- The Washington Times - Thursday, August 21, 2003

“American Splendor” stirs ripples of amusement, starting with its preposterous title, faithfully derived from a comic book series that originated with the protagonist, Harvey Pekar. The anhedonic Mr. Pekar is impersonated sometimes by himself but mostly by the character actor Paul Giamatti, whose dumpy figure usually leaves us off-guard for quick-witted and combative traits.

Now in his early 60s, Mr. Pekar is a retired file clerk from Cleveland who achieved a fringe celebrity in the 1970s by distilling his proudly cranky, solitary ruminations in an “underground” comic illustrated by friend Robert Crumb.

Other illustrators inherited the text, updated more or less annually by Mr. Pekar, who later became a mainstream curiosity when discovered by David Letterman’s talent scouts. The Pekar tenure as a visiting curmudgeon ended in 1988, when he got miffed (at himself, essentially) and picked a quarrel with the host. He departed with the ludicrous curse, “Goodbye, America, thanks for nothing.”

A fond and would-be inventive biographical comedy, the movie attempts to hit all the Pekar highlights, such as they are, while dropping all the recognizable names. There are some sharp performances scattered through a shambling narrative, starting with James Urbaniak’s turn as Mr. Crumb, himself preserved in Terry Zwigoff’s revealing biographical documentary of 1994.

The conjugal team responsible for “American Splendor,” Shari Springer Berman and Robert Pulcini, are venturing into commercial features for the first time; their previous experience was in documentaries. They try to make a virtue of the crossover by intermingling appearances by Mr. Pekar, his spouse Joyce Brabner, his workplace buddy Toby Radloff and other real-life prototypes with the scenes entrusted to actors. Sometimes the principal cast members are also supplanted by animated caricatures meant to recall the comic books.

The upshot is not so much a stylistically flexible and innovative movie as a stylistically tentative and inconsistent movie. The filmmakers lack the sort of finesse and confidence needed to assure that the juggling is more of a kick than a nuisance. Their chronicle is also a variation on the usual vanity production. The standard approach is to indulge an established or newly minted star who craves mass idolatry. Here, instead, the central figure is a nobody with stifled intellectual and expressive aspirations that finally gets into pop culture circulation.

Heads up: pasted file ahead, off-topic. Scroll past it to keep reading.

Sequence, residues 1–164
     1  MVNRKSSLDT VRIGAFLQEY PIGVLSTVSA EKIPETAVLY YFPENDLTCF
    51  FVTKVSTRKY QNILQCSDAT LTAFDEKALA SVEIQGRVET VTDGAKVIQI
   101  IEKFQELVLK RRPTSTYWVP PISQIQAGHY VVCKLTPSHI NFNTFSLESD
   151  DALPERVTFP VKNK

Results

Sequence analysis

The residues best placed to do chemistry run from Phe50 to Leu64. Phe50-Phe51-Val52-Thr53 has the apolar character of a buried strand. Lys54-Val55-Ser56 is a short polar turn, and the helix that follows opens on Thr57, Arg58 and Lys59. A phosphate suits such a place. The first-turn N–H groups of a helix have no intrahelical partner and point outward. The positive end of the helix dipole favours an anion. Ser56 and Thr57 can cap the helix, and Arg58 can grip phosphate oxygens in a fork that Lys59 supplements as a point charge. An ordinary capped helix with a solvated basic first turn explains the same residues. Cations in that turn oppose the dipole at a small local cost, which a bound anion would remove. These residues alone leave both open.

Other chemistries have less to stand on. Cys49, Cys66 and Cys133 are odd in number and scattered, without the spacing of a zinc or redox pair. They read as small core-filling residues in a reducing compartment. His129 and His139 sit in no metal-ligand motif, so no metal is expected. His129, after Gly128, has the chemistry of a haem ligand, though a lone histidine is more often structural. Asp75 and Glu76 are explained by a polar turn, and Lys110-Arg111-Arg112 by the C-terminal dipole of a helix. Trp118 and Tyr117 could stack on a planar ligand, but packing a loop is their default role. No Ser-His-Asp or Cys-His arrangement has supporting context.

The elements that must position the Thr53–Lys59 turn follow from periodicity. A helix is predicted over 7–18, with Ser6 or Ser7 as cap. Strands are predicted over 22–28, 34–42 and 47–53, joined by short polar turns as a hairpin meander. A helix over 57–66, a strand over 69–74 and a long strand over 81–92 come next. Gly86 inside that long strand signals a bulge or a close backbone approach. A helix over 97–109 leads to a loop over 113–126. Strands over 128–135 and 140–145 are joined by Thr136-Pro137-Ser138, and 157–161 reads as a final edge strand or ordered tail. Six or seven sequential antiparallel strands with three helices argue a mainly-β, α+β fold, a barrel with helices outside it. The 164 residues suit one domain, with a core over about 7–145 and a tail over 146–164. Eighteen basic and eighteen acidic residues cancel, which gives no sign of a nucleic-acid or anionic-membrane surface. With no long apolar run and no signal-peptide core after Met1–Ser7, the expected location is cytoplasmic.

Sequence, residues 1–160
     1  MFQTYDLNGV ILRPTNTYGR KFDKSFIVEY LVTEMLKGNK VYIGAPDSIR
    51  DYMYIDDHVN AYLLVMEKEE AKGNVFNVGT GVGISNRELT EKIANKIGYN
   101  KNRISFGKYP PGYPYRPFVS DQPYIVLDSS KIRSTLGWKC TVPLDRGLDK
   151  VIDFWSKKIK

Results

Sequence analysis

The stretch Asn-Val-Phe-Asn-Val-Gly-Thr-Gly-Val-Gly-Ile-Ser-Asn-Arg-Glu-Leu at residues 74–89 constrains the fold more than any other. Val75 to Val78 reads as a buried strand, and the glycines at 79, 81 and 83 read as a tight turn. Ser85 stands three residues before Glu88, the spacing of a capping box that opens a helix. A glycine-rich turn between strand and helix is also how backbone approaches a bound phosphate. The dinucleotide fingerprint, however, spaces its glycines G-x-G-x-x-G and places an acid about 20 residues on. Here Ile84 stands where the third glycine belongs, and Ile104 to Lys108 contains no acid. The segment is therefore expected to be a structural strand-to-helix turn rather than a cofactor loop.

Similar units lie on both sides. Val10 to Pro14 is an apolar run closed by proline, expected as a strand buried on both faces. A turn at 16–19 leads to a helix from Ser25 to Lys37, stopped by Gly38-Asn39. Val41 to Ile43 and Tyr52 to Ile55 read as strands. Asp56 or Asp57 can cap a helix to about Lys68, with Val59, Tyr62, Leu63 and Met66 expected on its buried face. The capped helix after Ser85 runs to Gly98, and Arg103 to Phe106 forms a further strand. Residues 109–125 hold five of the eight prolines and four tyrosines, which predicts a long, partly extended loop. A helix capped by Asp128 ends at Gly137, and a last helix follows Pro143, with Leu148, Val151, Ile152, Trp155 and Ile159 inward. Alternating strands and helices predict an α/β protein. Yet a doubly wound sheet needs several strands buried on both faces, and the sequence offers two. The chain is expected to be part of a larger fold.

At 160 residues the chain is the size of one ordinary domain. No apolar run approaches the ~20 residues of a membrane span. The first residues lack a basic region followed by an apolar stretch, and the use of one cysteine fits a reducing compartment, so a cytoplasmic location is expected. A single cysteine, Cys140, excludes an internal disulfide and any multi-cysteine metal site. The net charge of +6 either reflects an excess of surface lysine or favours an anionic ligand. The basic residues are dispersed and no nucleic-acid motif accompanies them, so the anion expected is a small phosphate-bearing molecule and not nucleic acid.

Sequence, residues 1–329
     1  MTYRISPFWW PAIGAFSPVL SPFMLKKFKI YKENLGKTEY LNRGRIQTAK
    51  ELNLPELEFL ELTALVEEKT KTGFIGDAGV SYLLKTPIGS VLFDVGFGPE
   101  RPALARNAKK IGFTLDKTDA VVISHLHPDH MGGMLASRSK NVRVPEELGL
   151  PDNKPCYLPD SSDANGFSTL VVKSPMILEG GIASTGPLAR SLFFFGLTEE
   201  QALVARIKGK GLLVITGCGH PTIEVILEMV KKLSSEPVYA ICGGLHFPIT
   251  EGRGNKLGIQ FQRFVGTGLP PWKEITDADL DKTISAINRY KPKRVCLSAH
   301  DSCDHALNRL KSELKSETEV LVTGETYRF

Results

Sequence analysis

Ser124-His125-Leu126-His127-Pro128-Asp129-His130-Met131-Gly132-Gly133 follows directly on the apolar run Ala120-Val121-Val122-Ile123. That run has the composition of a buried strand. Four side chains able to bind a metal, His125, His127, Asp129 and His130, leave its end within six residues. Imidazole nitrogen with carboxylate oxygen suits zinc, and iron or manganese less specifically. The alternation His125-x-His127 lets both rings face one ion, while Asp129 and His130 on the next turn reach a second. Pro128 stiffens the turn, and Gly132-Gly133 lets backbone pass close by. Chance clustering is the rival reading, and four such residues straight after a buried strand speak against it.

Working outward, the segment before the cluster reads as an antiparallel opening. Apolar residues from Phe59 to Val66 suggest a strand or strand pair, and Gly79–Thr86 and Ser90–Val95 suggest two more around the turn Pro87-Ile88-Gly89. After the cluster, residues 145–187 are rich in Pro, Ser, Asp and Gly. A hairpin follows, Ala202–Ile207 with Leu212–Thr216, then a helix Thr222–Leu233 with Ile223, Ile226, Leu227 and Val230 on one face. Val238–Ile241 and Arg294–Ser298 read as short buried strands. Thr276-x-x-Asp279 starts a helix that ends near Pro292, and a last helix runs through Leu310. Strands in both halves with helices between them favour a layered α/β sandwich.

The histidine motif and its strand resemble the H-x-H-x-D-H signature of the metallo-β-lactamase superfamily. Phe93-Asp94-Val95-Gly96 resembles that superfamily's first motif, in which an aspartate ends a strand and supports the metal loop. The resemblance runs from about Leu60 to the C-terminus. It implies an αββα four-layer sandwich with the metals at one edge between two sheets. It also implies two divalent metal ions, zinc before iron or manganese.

The satirical possibilities go by the board in part because Harvey’s downcast, low-rent, sedentary tendencies are not as much fun to mock as spoiled, glamorized egotism. During the climax, Harvey becomes an alarming echo of Jenny, the heroine of “Love Story.” While exploiting his bout with cancer, the subject of one of his comic books, the movie ends up soliciting pity as shamelessly and indiscriminately as a hardened tearjerker.

The leading role proves something of a booby trap for Mr. Giamatti. Typically a comic secret weapon or troublemaker in supporting roles, he seems a focus of inertia during much of “American Splendor.” It’s easy to get the impression that other cast members are permitted to insinuate rings around him, notably Hope Davis as the awesomely saturnine Joyce and Judah Friedlander as arch-nerd Toby. Both are much closer to unforgettable screwballs than Harvey himself.

Movies that insist on celebrating cult figures of one magnitude or another, from “Where the Buffalo Roam” (about Hunter S. Thompson) to “Confessions of a Dangerous Mind” (about Chuck Barris), have usually miscalculated the audience appetite for similar chumminess. Mr. Pekar is rather like Woody Allen’s Leonard Zelig stripped of the magical shapeshifting abilities. I guess it’s funny that comic books, the domain of titanic heroes, should be trespassed by such an anti-heroic, banal, carping figure, but the joke doesn’t resonate on the screen.

If anything, you’re left with rather stale and platitudinous payoffs, reflecting today’s therapeutic trust in dysfunctional characters to make their neuroses or phobias work for them.

The rags-to-riches fable is a reach these days.

Rags-to-15-minutes-of-celebrity is the fashion exemplified by “American Splendor.”


WHAT: “American Splendor”

RATING: R (Occasional profanity, comic vulgarity and sexual candor)

CREDITS: Written and directed by Shari Springer Berman and Robert Pulcini. Cinematography by Terry Stacey. Production design by Therese DePez. Costume design by Michael Wilkinson. Editing by Mr. Pulcini. Music by Mark Suozzo

RUNNING TIME: 101 minutes


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